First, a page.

It was emotional return for the great grandson of Mistri Yaqoob Ali, one of the top leaders of the then Muslim Conference, to Jammu where he participated in a conference on Kashmir. But his journey has been scarred by the communal polarisation that has taken place and he was left distraught and hopeless, Jehangir Ali reports.
Muhammed Ahmed Shaikh, 40, a practising lawyer in Islamabad, Pakistan, was not even born when his family left to Muzaffarabad in Pakistan-administered Kashmir in 1947. They migrated following the riots against Muslims in Jammu in which thousands of Muslims are believed to have been killed. On Dec 14, when Ahmed landed in Jammu on his maiden trip, he just asked people where Tawi River was. And from the graphical description provided by his father, he found his ancestral house in Mohalla Mastgarh in Jammu.
“Mostly settlers live there and not the old residents. The demography has changed. Lot of Muslims left and others came and took over the properties. I told the people who lived there that my family used to stay in this house. A few of them were pretty warm. Some were not so warm, not so receptive. I couldn’t enter the house. When I knocked at the door and told them the whole story, they said you have come to the wrong place. ‘Check the next door’. I knew that was the house. But their behaviour was understandable. I understand their feelings. Maybe they have undergone the same misery. Maybe they have some sour memories as my father and I have of those days,” he says.
Ahmed flew to Jammu to attend a cross-LoC civil society dialogue organised by Centre for Dialogue and Reconciliation, “My father was 12 when he left Jammu. He has vivid memories of this place. It was my wish to come here to see my family home, to see the city. We heard so much about it. I had a clear picture where my family lived. When I came here, all I wanted to know was where Tawi is. And once I saw Tawi, I simply walked up to Mohalla Mastgarh, to my family home. I wasn’t sure that was the same house. But when I spoke to my father in the evening and gave him a description of where I went, he said you reached the right place. I reached there without having been there. It has been a very emotional journey and an emotional stay. I am glad that I am back in the city,” he said.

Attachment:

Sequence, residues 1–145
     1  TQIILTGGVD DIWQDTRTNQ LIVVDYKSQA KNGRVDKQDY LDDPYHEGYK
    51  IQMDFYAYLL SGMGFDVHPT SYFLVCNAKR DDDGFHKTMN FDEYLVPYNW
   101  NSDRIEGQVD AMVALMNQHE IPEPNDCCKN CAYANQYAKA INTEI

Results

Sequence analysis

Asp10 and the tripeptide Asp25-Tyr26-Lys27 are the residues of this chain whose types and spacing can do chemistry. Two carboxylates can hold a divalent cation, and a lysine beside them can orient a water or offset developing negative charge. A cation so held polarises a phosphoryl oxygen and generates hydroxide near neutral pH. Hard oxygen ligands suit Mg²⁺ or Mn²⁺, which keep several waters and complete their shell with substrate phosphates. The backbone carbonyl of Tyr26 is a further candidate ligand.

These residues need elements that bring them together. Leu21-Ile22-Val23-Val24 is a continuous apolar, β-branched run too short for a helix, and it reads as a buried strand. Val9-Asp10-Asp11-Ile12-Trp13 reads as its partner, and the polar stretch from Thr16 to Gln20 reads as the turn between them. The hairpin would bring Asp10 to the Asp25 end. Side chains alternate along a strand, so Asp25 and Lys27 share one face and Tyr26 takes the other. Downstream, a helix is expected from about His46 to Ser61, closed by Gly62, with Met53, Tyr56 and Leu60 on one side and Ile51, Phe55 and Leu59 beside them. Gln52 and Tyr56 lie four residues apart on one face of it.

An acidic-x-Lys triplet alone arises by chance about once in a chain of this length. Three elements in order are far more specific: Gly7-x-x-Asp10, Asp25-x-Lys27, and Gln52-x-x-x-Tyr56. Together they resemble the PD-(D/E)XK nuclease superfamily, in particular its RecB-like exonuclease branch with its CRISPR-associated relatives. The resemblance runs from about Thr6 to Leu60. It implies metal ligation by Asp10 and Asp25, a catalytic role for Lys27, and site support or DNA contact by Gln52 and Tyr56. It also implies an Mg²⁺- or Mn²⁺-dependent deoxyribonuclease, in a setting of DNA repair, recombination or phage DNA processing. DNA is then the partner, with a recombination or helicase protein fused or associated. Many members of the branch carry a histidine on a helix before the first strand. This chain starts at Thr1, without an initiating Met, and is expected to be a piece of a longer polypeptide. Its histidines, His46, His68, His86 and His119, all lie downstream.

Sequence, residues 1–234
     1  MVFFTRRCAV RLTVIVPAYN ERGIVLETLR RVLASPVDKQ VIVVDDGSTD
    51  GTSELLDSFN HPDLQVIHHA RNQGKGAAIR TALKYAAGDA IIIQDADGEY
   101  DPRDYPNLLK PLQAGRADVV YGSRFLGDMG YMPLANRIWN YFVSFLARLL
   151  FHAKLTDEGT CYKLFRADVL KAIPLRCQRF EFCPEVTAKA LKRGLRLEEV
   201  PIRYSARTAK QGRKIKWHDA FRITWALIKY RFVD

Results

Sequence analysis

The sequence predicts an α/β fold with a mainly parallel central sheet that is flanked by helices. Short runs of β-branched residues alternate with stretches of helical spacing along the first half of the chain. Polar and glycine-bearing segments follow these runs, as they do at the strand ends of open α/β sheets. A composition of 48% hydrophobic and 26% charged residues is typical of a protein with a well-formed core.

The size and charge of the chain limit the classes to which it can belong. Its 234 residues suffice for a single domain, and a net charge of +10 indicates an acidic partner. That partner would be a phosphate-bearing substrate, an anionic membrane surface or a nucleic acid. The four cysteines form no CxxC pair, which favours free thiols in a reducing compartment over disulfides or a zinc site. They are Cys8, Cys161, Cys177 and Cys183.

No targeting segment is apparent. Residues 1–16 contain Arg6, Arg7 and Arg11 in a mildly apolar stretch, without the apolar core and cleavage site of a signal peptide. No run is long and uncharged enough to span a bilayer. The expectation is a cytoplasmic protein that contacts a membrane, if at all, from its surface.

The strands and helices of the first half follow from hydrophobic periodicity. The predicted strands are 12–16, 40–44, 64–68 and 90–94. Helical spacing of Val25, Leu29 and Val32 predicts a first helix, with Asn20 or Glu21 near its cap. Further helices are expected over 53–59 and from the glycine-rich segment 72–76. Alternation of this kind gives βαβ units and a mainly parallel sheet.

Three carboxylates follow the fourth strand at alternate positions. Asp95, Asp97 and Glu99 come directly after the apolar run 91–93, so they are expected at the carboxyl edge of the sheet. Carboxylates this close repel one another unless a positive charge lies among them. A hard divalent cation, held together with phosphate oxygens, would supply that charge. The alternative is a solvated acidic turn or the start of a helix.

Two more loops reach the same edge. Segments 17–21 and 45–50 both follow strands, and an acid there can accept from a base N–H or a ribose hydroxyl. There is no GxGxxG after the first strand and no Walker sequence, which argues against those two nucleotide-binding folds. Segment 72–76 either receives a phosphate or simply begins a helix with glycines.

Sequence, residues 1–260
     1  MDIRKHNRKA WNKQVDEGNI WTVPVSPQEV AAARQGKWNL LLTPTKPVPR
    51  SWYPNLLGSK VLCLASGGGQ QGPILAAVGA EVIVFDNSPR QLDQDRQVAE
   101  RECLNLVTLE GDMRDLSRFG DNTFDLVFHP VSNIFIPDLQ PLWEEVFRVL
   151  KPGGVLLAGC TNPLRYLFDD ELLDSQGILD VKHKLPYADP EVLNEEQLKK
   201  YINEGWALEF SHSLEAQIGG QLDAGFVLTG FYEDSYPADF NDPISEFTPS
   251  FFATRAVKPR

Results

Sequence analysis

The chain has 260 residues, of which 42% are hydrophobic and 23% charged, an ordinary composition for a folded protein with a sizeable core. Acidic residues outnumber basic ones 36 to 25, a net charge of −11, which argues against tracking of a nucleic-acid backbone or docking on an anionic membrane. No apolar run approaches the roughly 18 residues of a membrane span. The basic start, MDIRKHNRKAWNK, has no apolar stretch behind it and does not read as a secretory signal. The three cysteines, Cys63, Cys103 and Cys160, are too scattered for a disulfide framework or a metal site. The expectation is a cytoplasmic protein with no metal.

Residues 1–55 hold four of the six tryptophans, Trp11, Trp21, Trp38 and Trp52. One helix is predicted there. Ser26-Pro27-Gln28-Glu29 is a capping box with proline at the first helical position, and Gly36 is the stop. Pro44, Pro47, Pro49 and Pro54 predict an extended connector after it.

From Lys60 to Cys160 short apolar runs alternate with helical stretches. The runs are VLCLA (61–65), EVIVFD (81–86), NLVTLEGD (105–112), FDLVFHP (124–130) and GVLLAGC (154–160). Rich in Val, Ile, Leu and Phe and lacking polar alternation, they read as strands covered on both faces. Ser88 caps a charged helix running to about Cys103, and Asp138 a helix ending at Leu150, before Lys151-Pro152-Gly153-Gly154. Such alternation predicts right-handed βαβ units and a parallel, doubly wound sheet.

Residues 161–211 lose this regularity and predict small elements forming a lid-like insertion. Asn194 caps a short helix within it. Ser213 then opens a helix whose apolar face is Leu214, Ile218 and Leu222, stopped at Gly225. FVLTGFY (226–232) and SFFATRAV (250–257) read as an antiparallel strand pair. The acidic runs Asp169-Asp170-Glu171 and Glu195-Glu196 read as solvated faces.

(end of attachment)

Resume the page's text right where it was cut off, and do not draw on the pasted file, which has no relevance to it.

Ahmed has historical connections with Jammu and Kashmir. His family migrated to Muzaffarabad when communal riots erupted in Jammu region in which Muslims, who were in a 61 per cent majority, were targeted. Many independent observers have claimed that the killings had “the tacit consent of the state authority” and put the figure slain at 200,000. Ahmed’s family was lucky and they managed to escape. Being the great grandson of Mistri Yaqoob Ali, the leader of the then Sheikh Abdullah-led Muslim Conference, who was one of the first six people arrested on 13 July 1931, one of the momentous days in the history of struggle of people of J&K, it was those roots, he says, that brought him back to Jammu.
“My father always refused to come to his city with a visa. He was invited to board the first bus which crossed through Chakoti into Kashmir. In the end, he was refused because he didn’t have a divided family. We have to understand the emotional aspect of those who don’t have divided families. The government should allow those who lived here before 1947 to visit their home places,” he said.
I asked him whether he wanted to return to Jammu and start his life here, “I will be very candid with you. I don’t want to come back or live in this city. After observing the polarisation, I think I have decided, though of course the roots remain and I would always want to come back and spend some time here, but under the prevailing circumstance, I think I wouldn’t want to come back. I wish I could say otherwise but this is how at least I am feeling,” he said.
“We don’t have religious many religious communities there and even in Pakistan I don’t belong to minority but things are much better for me there. I have seen how sentiments flare up when religion comes up. This is what happened in 1947. I think we need to think about these issues dispassionately to arrive at a midway. A lot of people talked about consensus which I don’t think is possible with so many communities involved in the issue. We all have to be very flexible,” he said.